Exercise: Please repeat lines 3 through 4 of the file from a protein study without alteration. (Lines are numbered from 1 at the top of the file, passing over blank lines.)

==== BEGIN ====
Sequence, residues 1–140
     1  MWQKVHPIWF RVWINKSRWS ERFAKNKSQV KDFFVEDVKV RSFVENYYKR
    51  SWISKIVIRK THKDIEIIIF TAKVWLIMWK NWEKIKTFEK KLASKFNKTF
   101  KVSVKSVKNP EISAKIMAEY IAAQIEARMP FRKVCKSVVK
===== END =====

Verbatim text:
    51  SWISKIVIRK THKDIEIIIF TAKVWLIMWK NWEKIKTFEK KLASKFNKTF
   101  KVSVKSVKNP EISAKIMAEY IAAQIEARMP FRKVCKSVVK